IMG_9108-e1313007889439I'm suddenly surrounded by people who know more than I do.

I'm always with someone who knows more than I do. (Everyone knows something I don't.)

But, now, in this experience, I am surrounded by people who are much more experienced than I am.

A Freshman At the Senior Dance
That's how a participant in an improvisation training recently put it. "I so often feel," she said, "like I'm a freshman at the senior dance." 

That's how I feel.

And I'm going to feel it big, right through this Saturday night's performance at the Riffe Center.

One night only. Tickets will be sold at the door (or in advance here). It's a great play and we will fully stage it (although we will be carrying our scripts).

Meet the Seniors
I'm not the youngest person on stage (unless age = cumulative time, life-to-date, acting on stage).

Consider the formidable talents: 

(And me.)

The play will be directed by well-loved actor Ian Short, also known for his direction of Available Light’s Our Town, The Odd Couple, and To Kill A Mockingbird.

So Why Is This Different?
In all the other plays throughout my alleged acting career, there has always been someone beside me on stage — someone — who has less experience acting than I do.

Frankly, I've quietly thought, "Anytime I'm the most experienced actor on stage, the show is in trouble."

That's not happening on Saturday. These rehearsals have been unbelievably eye opening. Everyone around me is more than an actor. Each one is a theatre teacher, too.

My character — the most complex character I've ever played — has a strange stage direction in the script. I don't know what to do.

So, late last night, I sent a note to Geoff Nelson (who plays "James") asking him what to do. I broke a rule. It's bad form to ask another actor for direction. (That's the director's job.) But I'm in a learning mode and wanted to hear what the other guy on stage might say.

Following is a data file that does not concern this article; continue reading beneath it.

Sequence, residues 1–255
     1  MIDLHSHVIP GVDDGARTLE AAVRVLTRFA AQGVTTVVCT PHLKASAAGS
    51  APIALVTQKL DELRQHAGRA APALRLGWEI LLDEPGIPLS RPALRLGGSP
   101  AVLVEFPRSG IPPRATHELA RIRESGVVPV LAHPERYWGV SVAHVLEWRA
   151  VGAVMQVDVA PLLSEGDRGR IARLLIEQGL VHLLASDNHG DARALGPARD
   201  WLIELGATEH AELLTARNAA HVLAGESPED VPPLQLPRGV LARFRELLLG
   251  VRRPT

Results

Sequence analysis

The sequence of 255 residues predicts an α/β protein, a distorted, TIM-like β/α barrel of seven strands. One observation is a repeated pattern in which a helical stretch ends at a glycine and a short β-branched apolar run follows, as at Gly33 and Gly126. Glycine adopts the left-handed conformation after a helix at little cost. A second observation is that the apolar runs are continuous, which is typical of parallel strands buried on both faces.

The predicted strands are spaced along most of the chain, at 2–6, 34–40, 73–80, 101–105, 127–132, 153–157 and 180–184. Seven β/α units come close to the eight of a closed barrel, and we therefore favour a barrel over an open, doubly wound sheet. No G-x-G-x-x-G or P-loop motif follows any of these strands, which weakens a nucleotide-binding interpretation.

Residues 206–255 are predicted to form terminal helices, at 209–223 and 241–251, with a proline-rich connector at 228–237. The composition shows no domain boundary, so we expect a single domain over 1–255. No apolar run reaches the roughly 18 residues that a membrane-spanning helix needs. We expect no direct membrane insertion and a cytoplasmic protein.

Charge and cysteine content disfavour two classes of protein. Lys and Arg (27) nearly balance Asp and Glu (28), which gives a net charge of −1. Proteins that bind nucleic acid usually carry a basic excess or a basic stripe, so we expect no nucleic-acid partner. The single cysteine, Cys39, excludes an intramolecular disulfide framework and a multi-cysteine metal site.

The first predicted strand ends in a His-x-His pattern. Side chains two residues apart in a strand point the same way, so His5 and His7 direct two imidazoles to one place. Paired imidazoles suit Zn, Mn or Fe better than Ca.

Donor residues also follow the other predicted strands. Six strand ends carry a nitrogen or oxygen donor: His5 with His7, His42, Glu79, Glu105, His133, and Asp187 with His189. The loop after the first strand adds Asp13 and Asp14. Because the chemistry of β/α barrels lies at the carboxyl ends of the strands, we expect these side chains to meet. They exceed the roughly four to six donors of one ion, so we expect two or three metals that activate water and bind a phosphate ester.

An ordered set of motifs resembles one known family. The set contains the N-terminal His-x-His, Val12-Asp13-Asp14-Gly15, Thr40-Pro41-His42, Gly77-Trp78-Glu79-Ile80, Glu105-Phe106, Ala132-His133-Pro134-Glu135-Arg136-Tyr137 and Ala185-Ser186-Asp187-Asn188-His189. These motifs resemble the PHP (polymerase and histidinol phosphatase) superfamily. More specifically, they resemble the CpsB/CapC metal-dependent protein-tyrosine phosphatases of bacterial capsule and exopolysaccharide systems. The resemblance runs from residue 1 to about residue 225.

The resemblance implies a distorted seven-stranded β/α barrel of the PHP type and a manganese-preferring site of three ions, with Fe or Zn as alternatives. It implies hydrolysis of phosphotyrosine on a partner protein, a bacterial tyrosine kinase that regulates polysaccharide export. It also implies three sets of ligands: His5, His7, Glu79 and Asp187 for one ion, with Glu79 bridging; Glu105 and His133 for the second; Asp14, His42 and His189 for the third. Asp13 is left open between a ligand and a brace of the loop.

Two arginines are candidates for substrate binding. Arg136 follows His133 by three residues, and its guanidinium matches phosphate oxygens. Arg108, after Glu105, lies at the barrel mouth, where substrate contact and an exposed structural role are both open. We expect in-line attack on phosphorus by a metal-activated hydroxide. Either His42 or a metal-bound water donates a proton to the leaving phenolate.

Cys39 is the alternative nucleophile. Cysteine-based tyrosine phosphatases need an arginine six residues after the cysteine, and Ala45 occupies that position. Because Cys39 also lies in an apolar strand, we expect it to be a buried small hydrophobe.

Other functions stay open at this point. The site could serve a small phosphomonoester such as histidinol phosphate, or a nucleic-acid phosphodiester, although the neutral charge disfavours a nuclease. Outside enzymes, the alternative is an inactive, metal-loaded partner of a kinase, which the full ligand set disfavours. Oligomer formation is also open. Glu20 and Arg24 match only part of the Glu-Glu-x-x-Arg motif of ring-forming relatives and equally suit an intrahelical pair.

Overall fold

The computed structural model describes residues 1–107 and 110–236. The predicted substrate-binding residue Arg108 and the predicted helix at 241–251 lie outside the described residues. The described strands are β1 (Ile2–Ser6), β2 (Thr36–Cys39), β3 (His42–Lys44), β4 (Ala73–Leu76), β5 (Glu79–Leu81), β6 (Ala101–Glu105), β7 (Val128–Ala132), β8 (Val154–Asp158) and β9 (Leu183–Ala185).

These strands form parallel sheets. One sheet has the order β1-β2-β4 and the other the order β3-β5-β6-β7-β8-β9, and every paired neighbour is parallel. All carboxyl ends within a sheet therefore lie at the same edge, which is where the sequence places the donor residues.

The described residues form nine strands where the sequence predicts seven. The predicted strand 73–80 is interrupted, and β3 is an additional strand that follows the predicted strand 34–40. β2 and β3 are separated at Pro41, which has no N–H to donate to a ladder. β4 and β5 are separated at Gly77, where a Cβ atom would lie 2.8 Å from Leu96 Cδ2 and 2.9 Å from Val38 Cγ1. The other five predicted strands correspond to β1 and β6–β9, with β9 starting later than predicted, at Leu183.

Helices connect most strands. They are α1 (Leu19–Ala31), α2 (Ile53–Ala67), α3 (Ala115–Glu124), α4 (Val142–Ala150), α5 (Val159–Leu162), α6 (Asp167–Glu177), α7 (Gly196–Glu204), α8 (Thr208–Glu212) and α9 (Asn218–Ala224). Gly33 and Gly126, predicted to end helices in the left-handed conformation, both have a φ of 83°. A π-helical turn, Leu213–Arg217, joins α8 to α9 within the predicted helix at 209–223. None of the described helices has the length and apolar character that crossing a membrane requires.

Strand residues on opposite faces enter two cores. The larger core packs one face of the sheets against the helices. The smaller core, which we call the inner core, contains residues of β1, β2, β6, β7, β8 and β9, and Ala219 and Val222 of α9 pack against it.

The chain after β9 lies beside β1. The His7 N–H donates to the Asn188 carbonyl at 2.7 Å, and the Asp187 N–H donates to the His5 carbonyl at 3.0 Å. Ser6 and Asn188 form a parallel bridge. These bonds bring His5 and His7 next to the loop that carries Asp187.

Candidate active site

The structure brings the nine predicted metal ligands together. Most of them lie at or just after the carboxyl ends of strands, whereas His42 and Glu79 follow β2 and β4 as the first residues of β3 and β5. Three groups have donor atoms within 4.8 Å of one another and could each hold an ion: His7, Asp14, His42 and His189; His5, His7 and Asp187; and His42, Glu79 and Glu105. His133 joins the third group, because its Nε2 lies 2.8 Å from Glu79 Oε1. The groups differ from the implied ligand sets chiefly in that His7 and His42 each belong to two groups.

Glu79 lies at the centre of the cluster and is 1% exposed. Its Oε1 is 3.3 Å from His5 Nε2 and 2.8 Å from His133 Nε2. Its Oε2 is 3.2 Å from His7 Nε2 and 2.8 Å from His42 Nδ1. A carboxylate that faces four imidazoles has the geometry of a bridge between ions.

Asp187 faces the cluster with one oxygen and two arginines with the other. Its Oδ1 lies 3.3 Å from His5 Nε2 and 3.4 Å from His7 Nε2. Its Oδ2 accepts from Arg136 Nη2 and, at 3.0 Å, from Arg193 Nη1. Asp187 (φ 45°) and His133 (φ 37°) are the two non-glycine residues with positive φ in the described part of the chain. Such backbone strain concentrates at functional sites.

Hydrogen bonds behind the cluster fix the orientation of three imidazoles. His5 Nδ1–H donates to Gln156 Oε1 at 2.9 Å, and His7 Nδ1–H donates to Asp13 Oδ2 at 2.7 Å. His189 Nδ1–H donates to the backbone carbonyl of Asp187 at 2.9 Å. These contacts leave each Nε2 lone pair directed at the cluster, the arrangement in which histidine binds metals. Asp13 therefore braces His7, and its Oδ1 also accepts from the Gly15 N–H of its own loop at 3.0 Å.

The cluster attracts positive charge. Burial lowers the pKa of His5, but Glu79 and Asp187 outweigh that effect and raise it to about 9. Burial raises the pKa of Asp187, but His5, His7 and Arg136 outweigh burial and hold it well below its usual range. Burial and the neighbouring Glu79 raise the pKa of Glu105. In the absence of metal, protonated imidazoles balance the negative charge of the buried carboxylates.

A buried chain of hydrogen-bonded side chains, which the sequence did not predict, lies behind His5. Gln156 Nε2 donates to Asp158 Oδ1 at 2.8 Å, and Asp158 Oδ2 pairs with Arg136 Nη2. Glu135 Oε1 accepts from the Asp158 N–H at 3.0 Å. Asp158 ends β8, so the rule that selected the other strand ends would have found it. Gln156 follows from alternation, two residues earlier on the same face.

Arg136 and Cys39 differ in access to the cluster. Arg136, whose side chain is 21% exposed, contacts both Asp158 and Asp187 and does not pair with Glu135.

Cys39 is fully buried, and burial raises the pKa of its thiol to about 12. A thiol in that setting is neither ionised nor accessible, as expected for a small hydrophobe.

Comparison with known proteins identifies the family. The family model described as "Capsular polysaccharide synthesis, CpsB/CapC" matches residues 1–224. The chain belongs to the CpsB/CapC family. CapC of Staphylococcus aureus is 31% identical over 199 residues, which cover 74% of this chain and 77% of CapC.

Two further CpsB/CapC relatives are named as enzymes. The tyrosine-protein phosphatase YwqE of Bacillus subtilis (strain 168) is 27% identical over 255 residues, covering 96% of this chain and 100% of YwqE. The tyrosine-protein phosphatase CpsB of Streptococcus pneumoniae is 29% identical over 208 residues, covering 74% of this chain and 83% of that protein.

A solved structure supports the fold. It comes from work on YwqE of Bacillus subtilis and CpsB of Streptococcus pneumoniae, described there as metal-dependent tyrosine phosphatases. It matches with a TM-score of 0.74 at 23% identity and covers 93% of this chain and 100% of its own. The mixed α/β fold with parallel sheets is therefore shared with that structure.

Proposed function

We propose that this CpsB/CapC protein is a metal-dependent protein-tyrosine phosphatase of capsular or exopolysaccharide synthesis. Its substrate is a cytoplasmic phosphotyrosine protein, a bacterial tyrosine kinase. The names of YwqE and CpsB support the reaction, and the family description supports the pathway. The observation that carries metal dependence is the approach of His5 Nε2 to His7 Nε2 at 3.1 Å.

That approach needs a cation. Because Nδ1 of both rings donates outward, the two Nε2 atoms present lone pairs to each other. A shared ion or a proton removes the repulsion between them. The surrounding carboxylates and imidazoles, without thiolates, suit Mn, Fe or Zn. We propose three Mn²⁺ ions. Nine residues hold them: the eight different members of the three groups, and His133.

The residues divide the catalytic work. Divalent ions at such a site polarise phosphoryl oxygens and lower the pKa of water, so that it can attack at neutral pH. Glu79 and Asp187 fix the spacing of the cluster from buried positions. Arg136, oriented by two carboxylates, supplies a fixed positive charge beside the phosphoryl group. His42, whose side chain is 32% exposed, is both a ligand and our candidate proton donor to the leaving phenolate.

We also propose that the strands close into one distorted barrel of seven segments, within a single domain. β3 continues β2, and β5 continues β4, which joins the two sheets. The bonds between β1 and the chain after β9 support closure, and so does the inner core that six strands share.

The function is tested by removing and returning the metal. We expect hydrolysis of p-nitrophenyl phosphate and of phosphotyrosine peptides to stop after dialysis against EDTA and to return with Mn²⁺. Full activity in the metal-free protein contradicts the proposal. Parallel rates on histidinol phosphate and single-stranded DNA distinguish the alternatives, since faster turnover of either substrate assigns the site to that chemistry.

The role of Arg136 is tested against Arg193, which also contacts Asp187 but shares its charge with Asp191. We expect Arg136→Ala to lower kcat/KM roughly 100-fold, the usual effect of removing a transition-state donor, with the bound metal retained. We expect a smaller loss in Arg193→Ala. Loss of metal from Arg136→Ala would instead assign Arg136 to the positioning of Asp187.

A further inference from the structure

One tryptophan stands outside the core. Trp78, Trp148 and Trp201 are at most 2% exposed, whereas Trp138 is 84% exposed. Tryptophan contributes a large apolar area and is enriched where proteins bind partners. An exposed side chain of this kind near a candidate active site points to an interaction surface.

So I asked:

Hey, Geoff, this probably breaks all the rules (not that I know any), but next time I see you would you please demonstrate (from page 45) what you think it might look like when "Schultz convulses in horrible, strained, silent laughter"?

Here is his answer. (Ethical malfeasance alert: I don't have Geoff's permission to post this. There isn't time. I should not post it. I apologize in advance, which is not a true apology. It isn't fair. Geoff didn't prepare this for public viewing.)

But consider how excellently he wrote this in the late night. If you aren't an actor or director you might not appreciate how he does not tell me how to do it. (That would be too much intervention.) He simply teaches — correctly — where I should be spending my energy to "convulse" in the "horrible, strained, silent laughter." 

Geoff's answer, unedited, beautiful as it is:

Sure — but I imagine the problem you are having with it is not how it looks but what his intention is in doing it. Presumably, this is something he does completely consciously as a way to express, either to himself or to her, his reaction to whatever she has said just before this. The fact that "horrible" and "strained" are combined with "laughter" suggest to me that he views what she said (and I don't remember what that was) as incredibly hurtful yet also absurd.  It might be helpful to consider what his "subtext" might be, if you are familiar with that term in the actor sense.  (An actor has a lot of choices about the meaning and intention of every line he says, beyond the literal content of the words. (So a line like "Hi" can have a subtext of "I'm really glad to see you" or "Oh, my God, what are you doing here?" or "Who are you, exactly?"). His subtext might be "She is driving me crazy" or it might be "You are driving me crazy." Since the character himself is "acting" this feeling — illustrating it, in a way — then it is really a gesture, the same sort of thing as hitting yourself on the head and then saying "I could have had a V8!" or pointing your finger at the side of your head about someone or something and humming the Twilight Zone theme.  He is commenting.  The size of the gesture — it's a very large comment — is meant to convey how deeply he is affected by what she is doing.  I don't think you need to worry about it being "real" — it is his way of giving expression to the depth and pain of feelings that he cannot easily express in a natural way.  It's his symbol of how he is feeling, meant to convey how much more strongly he is feeling it than his outside demeanor might indicate.  It is also a pretty bold and a very brave sort of statement of who he is and what he feels that no other character in this play would have the [courage] to make — at least at this point in the play.  
Anyway, I'd be happy to work on it with you.

Isn't that marvelous? In Geoff's hands — and the others on the cast and crew are equally gifted teachers — this is a truly teachable moment.

I'm sorry for posting Geoff's comments without his permission. I will seek it today.

Go ahead. Come, spur of the moment!